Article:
Re: The Simultaneous Arising of the Mind And Firing Neurons
- Dear Stephen and friends,
I wouldn't say that consciousness is a purely spiritual matter. What
you have discussed are interesting, but can you give a description of
consciousness and mind from your point of view? Thanks.
--- In Pali@yahoogroups.com, Stephen Hodge wrote:
Anyway, even if there is not yet a standardized scientific theory out
yet, this does not mean that consciousness is not an intractable
problem. Since it is part of the physical universe, it should
eventually be amenable to explanation -- it may be mysterious but not
mystical. Note here that I am not taking a reductionist view with
regards to what I would consider to be purely spiritual matters.
That the mind is dependent upon the brain seems to be corroborated by
the evidence that can be garnered from people with brain disorders,
whether due to accident or congenital. One analogy that seems
fitting is the idea that the brain is like a radio transmitter-
receiver. That is to say, it can generate radio waves and receive
them, but the waves themselves can survive for great lengths of time
outside the equipment although probably degrading into an eventual
state of entropy. Perhaps that is what Nirvana is -- entropy :)
- Stephen Hodge wrote:
> Since it [consciousness] is part of the physical universe,Is it? How do you know this? Could you know it without consciousness?
Consciousness is not part of the physical universe, but part of your
experience of the physical universe, and in particular it is that part
without which the experience of the physical universe would be impossible. It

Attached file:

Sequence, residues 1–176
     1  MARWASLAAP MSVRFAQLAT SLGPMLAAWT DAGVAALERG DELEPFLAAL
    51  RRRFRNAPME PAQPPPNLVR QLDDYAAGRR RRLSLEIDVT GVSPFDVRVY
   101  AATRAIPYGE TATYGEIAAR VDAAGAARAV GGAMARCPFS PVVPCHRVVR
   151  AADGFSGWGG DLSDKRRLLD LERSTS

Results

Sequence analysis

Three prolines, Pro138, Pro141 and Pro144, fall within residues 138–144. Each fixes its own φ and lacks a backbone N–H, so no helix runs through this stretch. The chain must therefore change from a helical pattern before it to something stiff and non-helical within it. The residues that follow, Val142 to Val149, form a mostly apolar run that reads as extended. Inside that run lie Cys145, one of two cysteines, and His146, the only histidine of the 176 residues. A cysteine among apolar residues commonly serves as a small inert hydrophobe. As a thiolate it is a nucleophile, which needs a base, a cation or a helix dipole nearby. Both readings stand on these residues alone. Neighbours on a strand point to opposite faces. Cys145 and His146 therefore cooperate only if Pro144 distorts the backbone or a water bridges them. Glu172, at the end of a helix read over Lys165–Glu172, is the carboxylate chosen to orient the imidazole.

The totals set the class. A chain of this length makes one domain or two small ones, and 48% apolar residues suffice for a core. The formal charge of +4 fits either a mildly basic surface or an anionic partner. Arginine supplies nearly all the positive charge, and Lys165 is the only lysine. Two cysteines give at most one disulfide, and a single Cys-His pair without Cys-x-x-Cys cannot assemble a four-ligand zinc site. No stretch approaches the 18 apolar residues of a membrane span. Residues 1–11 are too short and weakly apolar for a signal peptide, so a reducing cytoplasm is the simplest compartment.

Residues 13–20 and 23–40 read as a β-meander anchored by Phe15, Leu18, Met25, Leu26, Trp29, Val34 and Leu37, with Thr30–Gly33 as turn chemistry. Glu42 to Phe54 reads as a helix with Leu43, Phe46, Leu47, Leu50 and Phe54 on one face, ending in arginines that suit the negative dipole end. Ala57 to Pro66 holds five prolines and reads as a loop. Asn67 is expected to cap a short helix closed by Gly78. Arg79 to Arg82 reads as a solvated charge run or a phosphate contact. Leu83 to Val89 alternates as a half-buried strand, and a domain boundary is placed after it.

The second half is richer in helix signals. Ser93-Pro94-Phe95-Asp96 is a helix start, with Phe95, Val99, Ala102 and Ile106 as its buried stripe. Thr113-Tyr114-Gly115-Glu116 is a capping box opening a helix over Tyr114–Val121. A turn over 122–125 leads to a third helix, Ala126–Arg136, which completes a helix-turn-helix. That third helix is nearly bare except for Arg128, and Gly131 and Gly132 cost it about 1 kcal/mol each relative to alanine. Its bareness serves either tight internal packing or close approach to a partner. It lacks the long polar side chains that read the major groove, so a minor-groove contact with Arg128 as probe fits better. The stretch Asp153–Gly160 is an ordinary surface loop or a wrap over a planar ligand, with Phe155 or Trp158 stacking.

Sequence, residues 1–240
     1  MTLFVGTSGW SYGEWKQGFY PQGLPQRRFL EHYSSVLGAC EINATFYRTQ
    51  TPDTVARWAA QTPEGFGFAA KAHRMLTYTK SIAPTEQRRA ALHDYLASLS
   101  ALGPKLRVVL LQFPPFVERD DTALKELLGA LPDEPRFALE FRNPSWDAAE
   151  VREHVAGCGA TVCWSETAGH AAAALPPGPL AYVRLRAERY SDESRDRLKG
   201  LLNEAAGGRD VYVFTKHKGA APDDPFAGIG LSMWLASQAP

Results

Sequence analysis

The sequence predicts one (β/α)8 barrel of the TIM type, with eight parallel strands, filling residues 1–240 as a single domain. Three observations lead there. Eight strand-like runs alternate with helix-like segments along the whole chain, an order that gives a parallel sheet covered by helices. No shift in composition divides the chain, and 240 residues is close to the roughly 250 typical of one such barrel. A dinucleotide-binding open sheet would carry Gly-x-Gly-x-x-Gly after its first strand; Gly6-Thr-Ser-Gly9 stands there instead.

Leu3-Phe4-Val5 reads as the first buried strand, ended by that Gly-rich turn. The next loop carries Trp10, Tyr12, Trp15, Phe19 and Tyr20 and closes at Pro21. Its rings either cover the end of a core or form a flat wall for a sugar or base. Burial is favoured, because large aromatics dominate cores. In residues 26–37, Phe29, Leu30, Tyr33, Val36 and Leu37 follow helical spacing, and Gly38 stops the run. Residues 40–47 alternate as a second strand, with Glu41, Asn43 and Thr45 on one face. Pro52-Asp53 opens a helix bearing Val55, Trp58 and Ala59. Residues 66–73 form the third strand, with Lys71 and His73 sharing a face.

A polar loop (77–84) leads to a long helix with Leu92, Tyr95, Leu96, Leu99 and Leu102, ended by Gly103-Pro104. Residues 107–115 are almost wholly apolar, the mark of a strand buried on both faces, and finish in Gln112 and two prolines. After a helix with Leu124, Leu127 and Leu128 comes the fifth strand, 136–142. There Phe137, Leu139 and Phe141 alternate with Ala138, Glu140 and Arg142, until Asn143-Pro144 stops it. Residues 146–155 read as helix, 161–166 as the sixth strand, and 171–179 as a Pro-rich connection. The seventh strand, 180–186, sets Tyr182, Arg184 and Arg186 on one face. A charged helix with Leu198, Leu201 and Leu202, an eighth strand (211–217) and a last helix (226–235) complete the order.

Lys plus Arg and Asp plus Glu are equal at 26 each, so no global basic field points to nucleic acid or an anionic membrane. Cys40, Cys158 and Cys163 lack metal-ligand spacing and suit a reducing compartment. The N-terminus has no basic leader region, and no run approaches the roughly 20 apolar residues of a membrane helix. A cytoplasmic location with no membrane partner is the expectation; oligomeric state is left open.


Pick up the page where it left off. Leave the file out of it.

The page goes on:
is a necessary condition for the physical universe to appear. So, what comes
first? If there is no consciousness, where is the physical universe?
'Out there, somewhere,' you might say. Consider again. 'Out there', what does
this mean? Where is it? Have you ever experienced an 'out there' without the
'in here' that knows it? This is exactly how avijja works: it assumes a
lasting essence, where none is experienced. It simply assumes it and accepts
it without question. But the meditative experience is that the assumption is
wrong. If one goes to the place where one can examine consciousness directly,
the confusion about its nature ends.
"The whole universe is constantly falling apart and coming back together. And
that includes the mind and the body which we call 'I.' You may believe it or
not, it makes no difference. In order to know it, you must experience it;
when you experience it, it's perfectly clear. What one experiences is totally
clear. No one can say it is not. They may try, but their objections make no
sense because you have experienced it. It's the same thing as biting into the
mango to know its taste." -- Ayya Khema
"What is the All? Simply the eye & forms, ear & sounds, nose & odors, tongue &
flavors, body & tactile sensations, intellect & ideas. This, monks, is termed
the All. Anyone who would say, 'Repudiating this All, I will describe
another,' if questioned on what exactly might be the grounds for his
statement, would be unable to explain, and furthermore, would be put to
grief. Why? Because it lies beyond range." -- The Buddha, S xxxv.23
- Dear Lothar,
Are we talking in scientific terms or in Buddhist terms or a hybrid of the
Before we proceed any further, let's settle on some definitions. Here's
what I suggest to get the ball rolling -- what are your's ?.
1. Physical: relating to matter & energy + their interaction
2. Universe: the totality of existence, all that is
3. Two common definitions of "consciousness" that I would like to
a) the state of awareness / perception
b) the totality of a person's thoughts, feelings and sensations
Then we should think about any possible correlation, if any, with Buddhist
- Stephen Hodge wrote:
> Dear Lothar,Dear Stephen,
> Are we talking in scientific terms or in Buddhist terms or a hybrid of the
> two ?
I have been talking in terms of experience, which makes all the juggling of
terms unnecessary. I understand the drive for mental proliferation, but it is
not something I see any point in indulging in. There are better ways of
settling these questions.